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Investigation at WWE upends leadership; McMahon steps aside

WWE Vince McMahon
Vince McMahon stands at Republican state convention in Hartford, Conn., Friday, May 18, 2012. McMahon is voluntarily stepping back from his roles as CEO and chairman at WWE, Friday, June 17, 2022, as the sports entertainment company performs an investigation into alleged misconduct related to a relationship with a former employee.
(AP Photo/Jessica Hill, File)

Vince McMahon is stepping down as CEO and chairman of WWE during an investigation into alleged misconduct involving the longtime leader and public face of the organization.

McMahon will continue to oversee WWE’s creative content during the investigation, World Wrestling Entertainment said Friday. McMahon’s daughter, Stephanie, will serve as interim CEO and chairwoman, the organization said.

The Wall Street Journal recently reported that the board was investigating a $3 million settlement that McMahon paid to a departing female employee with whom he allegedly had a consensual affair.

“I have pledged my complete cooperation to the investigation by the special committee, and I will do everything possible to support the investigation. I have also pledged to accept the findings and outcome of the investigation, whatever they are,” McMahon said in a prepared statement Friday.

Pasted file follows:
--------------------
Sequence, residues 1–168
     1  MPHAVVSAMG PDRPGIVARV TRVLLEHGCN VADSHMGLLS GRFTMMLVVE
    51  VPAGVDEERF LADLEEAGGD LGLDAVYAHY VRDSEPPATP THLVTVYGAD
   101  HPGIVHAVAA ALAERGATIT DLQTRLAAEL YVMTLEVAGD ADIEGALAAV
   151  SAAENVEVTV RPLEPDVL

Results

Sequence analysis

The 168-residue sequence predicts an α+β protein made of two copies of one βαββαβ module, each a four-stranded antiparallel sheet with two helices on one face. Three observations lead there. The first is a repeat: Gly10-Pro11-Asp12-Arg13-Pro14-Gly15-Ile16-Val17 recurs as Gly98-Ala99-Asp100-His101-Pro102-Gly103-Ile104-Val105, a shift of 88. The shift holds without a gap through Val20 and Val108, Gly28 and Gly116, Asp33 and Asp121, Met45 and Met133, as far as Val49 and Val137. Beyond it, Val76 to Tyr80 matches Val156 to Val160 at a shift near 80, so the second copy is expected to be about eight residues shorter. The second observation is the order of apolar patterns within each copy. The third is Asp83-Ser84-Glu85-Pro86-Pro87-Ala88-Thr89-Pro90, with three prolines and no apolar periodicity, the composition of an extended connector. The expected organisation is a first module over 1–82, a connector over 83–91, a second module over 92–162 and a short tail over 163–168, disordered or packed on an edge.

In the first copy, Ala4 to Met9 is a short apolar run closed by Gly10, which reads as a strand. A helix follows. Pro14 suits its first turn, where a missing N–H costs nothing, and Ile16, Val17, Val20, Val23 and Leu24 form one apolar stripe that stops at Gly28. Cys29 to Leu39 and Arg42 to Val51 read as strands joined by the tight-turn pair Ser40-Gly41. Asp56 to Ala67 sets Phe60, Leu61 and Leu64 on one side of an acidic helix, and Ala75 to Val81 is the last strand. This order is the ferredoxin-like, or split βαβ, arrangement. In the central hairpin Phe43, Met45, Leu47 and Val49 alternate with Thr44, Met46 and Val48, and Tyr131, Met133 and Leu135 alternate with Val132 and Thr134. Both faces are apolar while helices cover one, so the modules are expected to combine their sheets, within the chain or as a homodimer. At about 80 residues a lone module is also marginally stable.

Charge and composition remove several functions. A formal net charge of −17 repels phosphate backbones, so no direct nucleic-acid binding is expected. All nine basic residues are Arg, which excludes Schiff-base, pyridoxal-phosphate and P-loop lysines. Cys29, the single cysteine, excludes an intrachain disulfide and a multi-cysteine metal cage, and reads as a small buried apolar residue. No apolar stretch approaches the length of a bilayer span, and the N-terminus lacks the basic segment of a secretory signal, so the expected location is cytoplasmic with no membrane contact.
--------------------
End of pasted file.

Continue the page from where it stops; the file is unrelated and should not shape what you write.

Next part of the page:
The employee, hired as a paralegal in 2019, has a separation agreement from January that prevents her from discussing her relationship with McMahon or disparaging him, the Journal reported.

The board’s investigation, which started in April, found other, older nondisclosure agreements involving claims by former female WWE employees of misconduct by McMahon and John Laurinaitis, the head of talent relations at WWE, the Journal reported.

Aside from the investigation into the alleged misconduct by McMahon and Laurinaitis, WWE said that the company and its special committee will work with an independent third-party to perform a comprehensive review of its compliance program, HR function and overall culture.

Shares of World Wrestling Entertainment Inc., based in Stamford, Connecticut, slid 4% before the opening bell Friday.